While performing RFID-tagging at stores or retailers' DCs works for proof-of-concept or pilot initiatives, it is not a sustainable or cost-effective strategy for full and potentially transformative implementations, according to Bill Hardgrave, the dean of Auburn University's Harbert College of Business and the founder of the RFID Lab. Tagging has to move upstream as far as possible, he says, "ideally as close to the point of manufacture as we can."

For retailers, source tagging is a lower-cost labor model and improves efficiencies, says Randy Dunn, Tyco Retail Solutions North America's sales leader for inventory intelligence. But it also improves the quality of information that gets encoded in the tag, he adds. "There is a process set up for adding data to a tag," Dunn states. "When you try to write information to individual item tags on an ad-hoc basis in-store, the quality varies."

The challenge has been to get suppliers to comply. Meanwhile, brand owners are discovering the benefits of tagging their items at the source. Next up? Sharing supply chain data to improve sales.

Supplier Tagging
Suppliers have already cleared some hurdles, Hardgrave says. GS1, for example, developed the Tagged Item Performance Protocol (TIPP) standard, which addressed the issue of conflicting retailer tag requirements and performance.

At Macy's, the process of working with suppliers for source tagging involves a face-to-face sit-down with each vendor and presenting a business case explaining why this is necessary. "It's a pretty high level of commitment," Connell said at the RFID in Retail and Apparel event, but from Macy's vantage point, there's also greater acceptance and understanding of potential upstream benefits to suppliers' distribution networks. That includes the ability to validate shipments to customers, instead of having to rely on audits from retailers that would potentially reveal discrepancies resulting in charge-backs.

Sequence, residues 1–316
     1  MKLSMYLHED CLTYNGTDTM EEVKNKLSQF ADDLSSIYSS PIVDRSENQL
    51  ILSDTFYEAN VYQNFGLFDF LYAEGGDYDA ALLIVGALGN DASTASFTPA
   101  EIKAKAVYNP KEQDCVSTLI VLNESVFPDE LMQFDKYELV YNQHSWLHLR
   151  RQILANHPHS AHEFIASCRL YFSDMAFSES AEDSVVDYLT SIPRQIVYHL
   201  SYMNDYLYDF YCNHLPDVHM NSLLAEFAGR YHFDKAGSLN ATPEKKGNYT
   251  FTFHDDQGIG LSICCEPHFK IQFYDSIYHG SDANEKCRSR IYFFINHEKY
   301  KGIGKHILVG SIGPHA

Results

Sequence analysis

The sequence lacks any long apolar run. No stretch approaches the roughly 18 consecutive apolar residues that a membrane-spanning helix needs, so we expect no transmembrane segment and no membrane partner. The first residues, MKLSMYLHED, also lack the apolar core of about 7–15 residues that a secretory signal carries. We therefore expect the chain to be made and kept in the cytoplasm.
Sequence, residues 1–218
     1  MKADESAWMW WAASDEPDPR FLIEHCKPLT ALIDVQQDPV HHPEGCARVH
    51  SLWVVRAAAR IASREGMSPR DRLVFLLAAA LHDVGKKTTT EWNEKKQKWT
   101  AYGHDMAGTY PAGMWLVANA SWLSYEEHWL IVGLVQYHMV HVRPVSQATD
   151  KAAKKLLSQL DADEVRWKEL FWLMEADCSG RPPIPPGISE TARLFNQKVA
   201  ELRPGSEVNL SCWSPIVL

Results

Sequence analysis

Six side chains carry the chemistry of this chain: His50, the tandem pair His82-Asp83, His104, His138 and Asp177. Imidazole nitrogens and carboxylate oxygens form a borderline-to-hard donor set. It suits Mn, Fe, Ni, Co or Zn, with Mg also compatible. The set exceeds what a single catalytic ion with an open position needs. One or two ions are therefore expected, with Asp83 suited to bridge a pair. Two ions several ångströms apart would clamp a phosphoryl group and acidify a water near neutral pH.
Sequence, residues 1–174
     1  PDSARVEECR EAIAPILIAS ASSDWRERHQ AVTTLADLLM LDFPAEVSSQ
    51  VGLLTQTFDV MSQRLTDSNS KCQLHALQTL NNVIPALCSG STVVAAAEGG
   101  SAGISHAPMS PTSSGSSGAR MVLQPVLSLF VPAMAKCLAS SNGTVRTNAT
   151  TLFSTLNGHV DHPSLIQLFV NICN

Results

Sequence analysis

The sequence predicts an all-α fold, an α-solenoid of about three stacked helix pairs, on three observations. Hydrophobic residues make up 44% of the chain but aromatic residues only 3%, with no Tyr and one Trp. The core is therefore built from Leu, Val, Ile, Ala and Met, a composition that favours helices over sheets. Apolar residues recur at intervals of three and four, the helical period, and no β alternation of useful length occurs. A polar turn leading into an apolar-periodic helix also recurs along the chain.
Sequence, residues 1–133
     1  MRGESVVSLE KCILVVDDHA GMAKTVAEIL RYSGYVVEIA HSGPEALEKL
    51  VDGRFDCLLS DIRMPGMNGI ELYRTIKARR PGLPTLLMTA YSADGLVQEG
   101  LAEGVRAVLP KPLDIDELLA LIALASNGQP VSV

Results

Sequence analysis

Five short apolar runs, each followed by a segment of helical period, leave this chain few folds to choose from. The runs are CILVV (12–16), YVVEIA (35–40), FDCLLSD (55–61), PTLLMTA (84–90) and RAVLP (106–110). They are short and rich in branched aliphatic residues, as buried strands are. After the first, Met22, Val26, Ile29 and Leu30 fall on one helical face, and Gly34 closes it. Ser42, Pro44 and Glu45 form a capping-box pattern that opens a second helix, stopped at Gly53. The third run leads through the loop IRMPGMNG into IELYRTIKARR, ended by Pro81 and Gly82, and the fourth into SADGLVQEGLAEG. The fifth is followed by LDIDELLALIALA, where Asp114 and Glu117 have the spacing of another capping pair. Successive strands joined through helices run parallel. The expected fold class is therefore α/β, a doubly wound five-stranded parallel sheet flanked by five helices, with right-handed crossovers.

German casual apparel company Marc O'Polo is RFID-tracking products across its supply chain, from its distribution center to 86 of its stores and 18 factory outlets throughout Europe. The retailer encodes RFID tags at its headquarters and sends them to its manufacturers, which simply apply the stickers to hangtags before goods are shipped to the company's DC. Products received at Marc O'Polo's retail and factory stores are identified via RFID readers, and are reconciled against the shipping notice as inventory records are updated. "With each new opening of any retail or factory outlet store, we are installing RFID automatically," says a company spokesperson. "There are also two franchise partners now taking part with RFID." But, she acknowledges, while everyone is taking part in the RFID effort, every party isn't really using the technology.

The quality of supplier deliveries to Moods of Norway "is better now than what it used to be" before the firm had its clothing suppliers begin RFID-tagging all the garments they manufacture, says Hans Petter Hübert, the company's retail director. "Now it's easier for us to discover mistakes," he states, "and the level of control we achieve with RFID has a positive effect on our supply chain." He believes the majority of manufacturers for the apparel industry will, at some point, put in place their own RFID infrastructure. The more retailers and brands that adopt RFID, he notes, the more sense it makes for professional suppliers to control their deliveries using the technology.

Brand Tagging
Most brand owners are driven to RFID by retailers and are not inclined to take on tagging on their own for internal gains, Hardgrave says. But the good news, he adds, is that "more and more national brands are starting to tag for a variety of retailers." When tagging items for just one retailer, Hardgrave explains, they might divert the products aimed at that partner for tagging somewhere along their supply chain. But as more retailers ask their vendors to get on board, and as the percentage of these vendors' products that must be delivered to customers with RFID tags attached increases, they reach a tipping point at which it simply makes more economic sense to tag everything for all customers instead of diverting and tagging only specific inventory, he says.